Codebreaking is a wondrous demonstration of the strength of the human mind. It is a practice that weaves together disciplines ranging from math and computing, to history and linguistics. Codebreaking, at its essence, requires the connection of disparate information: the codebreaker takes the garbage data he/she is given, and using the knowledge he/she possesses, uncovers the latent truth behind the cruft. A codebreaker, therefore, needs to possess an aptitude for seeing what others do not, the ability to find creative solutions to problems, and, of course, a great deal of patience.
Codes, on their surface, reveal little. While they may take the form of numbers, letters, bytes, or symbols, the primary goal of most codes is either to conceal or condense information. In the context of codebreaking, the codes that pique the most interest are, of course, the ones that hide a message from unauthorized eavesdroppers. The role of the codebreaker is not always the honest one, for it is his/her job to undo the careful manipulations of the sender to uncover, without the key for the lock, what the message contains. To do this, he/she must rely on intuition, on reasoning, and sometimes on “luck,” to get his/her way.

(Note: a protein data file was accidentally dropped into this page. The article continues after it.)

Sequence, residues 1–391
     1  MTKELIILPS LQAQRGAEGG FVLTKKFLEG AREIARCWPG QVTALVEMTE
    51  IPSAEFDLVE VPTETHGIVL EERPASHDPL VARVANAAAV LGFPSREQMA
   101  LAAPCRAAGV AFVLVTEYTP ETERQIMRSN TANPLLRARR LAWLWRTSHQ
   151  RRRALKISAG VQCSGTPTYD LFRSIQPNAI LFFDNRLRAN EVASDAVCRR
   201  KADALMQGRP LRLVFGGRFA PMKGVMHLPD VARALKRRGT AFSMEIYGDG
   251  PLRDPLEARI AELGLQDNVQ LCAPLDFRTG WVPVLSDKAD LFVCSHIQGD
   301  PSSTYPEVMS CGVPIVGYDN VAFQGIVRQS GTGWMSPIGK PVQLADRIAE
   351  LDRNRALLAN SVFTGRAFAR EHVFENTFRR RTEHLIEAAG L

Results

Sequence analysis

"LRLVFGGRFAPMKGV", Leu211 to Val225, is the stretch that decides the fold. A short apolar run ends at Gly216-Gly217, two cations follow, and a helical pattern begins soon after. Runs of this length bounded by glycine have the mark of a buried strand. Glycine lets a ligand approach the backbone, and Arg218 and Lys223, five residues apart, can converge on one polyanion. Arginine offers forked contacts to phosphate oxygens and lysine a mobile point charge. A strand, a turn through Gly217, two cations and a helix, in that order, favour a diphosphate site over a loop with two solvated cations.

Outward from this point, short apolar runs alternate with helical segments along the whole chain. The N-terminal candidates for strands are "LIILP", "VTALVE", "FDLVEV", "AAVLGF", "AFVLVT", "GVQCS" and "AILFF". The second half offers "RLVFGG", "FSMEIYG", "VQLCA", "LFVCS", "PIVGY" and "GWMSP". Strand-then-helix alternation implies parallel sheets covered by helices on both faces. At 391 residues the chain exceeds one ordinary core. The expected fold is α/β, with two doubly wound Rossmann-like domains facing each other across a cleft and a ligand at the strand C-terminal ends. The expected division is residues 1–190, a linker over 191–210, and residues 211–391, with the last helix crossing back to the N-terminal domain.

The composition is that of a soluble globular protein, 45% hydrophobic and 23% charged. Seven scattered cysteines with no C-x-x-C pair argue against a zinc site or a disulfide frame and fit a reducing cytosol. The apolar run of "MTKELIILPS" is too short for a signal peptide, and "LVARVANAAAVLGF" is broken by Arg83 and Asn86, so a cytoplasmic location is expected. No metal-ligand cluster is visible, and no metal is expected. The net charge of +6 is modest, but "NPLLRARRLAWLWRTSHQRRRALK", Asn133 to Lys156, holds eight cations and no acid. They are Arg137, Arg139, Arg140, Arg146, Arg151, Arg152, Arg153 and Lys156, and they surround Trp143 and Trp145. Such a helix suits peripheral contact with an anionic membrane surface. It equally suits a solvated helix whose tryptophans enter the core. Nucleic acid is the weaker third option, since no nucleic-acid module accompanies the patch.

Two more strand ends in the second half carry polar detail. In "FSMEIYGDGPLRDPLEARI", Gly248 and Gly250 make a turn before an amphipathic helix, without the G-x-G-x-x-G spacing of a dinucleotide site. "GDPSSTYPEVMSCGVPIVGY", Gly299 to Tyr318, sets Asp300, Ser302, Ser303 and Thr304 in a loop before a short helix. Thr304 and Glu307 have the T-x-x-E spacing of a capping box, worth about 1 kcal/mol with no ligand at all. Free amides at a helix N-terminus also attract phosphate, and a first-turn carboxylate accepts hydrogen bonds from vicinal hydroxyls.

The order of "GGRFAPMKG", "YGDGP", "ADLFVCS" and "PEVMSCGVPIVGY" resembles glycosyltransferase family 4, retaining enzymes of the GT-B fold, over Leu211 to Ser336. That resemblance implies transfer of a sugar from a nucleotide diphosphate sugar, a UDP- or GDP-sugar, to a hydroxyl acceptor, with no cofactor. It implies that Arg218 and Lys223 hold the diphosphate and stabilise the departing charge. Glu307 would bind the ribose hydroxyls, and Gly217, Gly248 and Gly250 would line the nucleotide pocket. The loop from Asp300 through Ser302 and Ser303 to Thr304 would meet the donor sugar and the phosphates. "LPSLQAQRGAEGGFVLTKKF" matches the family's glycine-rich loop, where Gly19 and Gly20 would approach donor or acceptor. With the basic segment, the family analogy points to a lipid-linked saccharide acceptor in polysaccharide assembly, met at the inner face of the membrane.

In his book, “Thinking, Fast and Slow,” Daniel Kahneman defines two “systems” of thought, which he terms System 1 and System 2. Though he defines the two systems in great detail, in essence, the human mind thinks with either “slow thinking” or “fast thinking.” System 1 is the “fast thinking” system. It is automatic and unconscious. It’s based on human instinct and learns by association. System 2, on the other hand, is the “slow thinking” system. It’s the system that we can control, the system that we use when we concentrate hard and consciously think. In a situation that places the subject in danger, System 1 kicks in immediately, attempting to use the basic human instincts and associations it has learned to minimize the damage done. For example, if your eyes perceive a fast moving ball heading toward your head, you will most likely automatically duck. System 1 can then pass information onto System 2 to consolidate and reason out the cause of the danger; after ducking, you will mostly likely look around for the source of the flying object.
With these two terms in mind, it is easier to specifically designate what skills a codebreaker needs. A codebreaker needs a finely honed System 1, what many people call “intuition.” He/she should be able to subconsciously recognize that something is “off” about a message, or that it is different somehow. Oftentimes, a codebreaker needs to scan through a large amount of data, more than can be consciously processed. However, with a trained System 1, the codebreaker can create associations, essentially strengthening and reinforcing his codebreaking “sense.” While System 1 is not able to, for example, distinguish a specific type of code, it is able to slowly learn patterns and then apply those patterns in a...